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Visa to work in Houston

Visa to work in Houston

Old May 16th 2012, 6:56 pm
  #31  
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Default Re: Visa to work in Houston

Start in 6 months.

Why not?
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Old May 18th 2012, 12:34 pm
  #32  
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Talking Re: Visa to work in Houston

hello all,

thanks again for all the replies.

lots to talk about here.

ok

1) Tax expert- so I need to seek some legal advice on this then, is it common for companies to help me pay for someone to do this? Not something I have considered but an excellent point, any further advise would be appreciarted

2) Commission- please dont worry about this, my basic here is 25k and I earnt 48k last year (that was in my first year also, so some months were spent training, I am good at what I do) and I like to be in control of what I earn.

3) E2 visa- my research (i am no expert) has told me this is investment related, judging on what people are saying here it is possible for it to work in my case, not sure how however- perhaps they will hire me on a UK payroll (they have offices here) for a month and then shift me over to the US. Re other american applicants, they have interviewed plenty and not found what they need- they hire brits for this role all the time according to them.

4) EB3- I assume this is a route to greencard? as in, a subdivision of E2 which leads to green card status? Appreciate my language here may be hazy, will research it now, any more info is appreciated

5) Clarification on visas- I am seeking this, I have yet to see anything in writing and will not be accepting anything until I do.

6) Agency or direct contact. I am going through an agency but I have had direct contact with the client through telephone interviews. What are your suspicions around this if you dont mind me asking?

7) Medical package- again, not seen a written contract so dont know the details, what am I aiming for here? I am not entierly sure how it works in the US, I see it working as an insurance policy with an excess? Is this wildly incorrect?

8) Perdiem- yorkshireabroad, yes that is how it has been expalined to me ($180 a day tax free out of my salary for everyday I work) and it sounds outrageously good. I dont know if I have to claim this back or if it is already accounted for.


Common theme here is that I have not seen anything in writing. I am not naive and I will not be accepting anything until I have the answers to all my questions, and until I know exactly what my outgoings will be every month, so I can provide a comparison to my setup at the moment.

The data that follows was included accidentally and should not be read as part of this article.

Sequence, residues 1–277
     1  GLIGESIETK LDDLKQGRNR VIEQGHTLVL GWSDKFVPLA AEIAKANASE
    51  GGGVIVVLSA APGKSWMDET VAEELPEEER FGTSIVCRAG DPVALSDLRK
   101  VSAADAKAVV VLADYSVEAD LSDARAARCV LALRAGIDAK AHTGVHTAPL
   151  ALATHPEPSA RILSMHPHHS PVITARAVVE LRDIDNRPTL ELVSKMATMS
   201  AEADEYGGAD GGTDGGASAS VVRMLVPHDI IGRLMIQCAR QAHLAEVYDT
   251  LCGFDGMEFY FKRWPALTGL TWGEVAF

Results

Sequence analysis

My worry, as is every salespersons, is that I am getting sold the dream. However, talk is cheap and I will not base a decision on anything other than what is in the contract. The advice people can give me on here is much appreciated for its impartial opinions, please dont worry and think I will make a rash decision here.

Further help would be much appreciated folks.

Cheers
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Old May 18th 2012, 3:44 pm
  #33  
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Default Re: Visa to work in Houston

Here's my concern - convincing USCIS that a US based company needs to import any kind of commission-based salesperson (versus hiring one from the domestic applicant pool - or should that be 'ocean') is potentially something of a stretch.
I have been both sponsor and beneficiary of L1-A, B1, E1 and H1-B and established two successful businesses here. Much as I'd have liked to, hiring UK based sales people to come over and work in the US just was not an option.
I am deeply suspicious about this concept, I'm afraid. When you mentioned the "A" word (agency), that tipped me over the edge.
Has anyone asked you to hand over any money yet?
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Old May 18th 2012, 4:47 pm
  #34  
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Default Re: Visa to work in Houston

Originally Posted by DoubleDD View Post
6) Agency or direct contact. I am going through an agency but I have had direct contact with the client through telephone interviews. What are your suspicions around this if you dont mind me asking?
Is this some sort of Agency who "gets the visa for you"? Are they a liaison between you and the US employer? You should not use such an agency. Don't pay the agency anything. These types of agencies are known for promising a US visa, taking your money, and then running off with it.

I would take out the middleman "agency", and deal directly with the US employer. If the US employer has hired foreign workers before, then they should have an immigration attorney working for them who handles the visa situation.

Since you have direct contact with the employer, I would stop dealing with the agency from now on, and just continue on with the employer.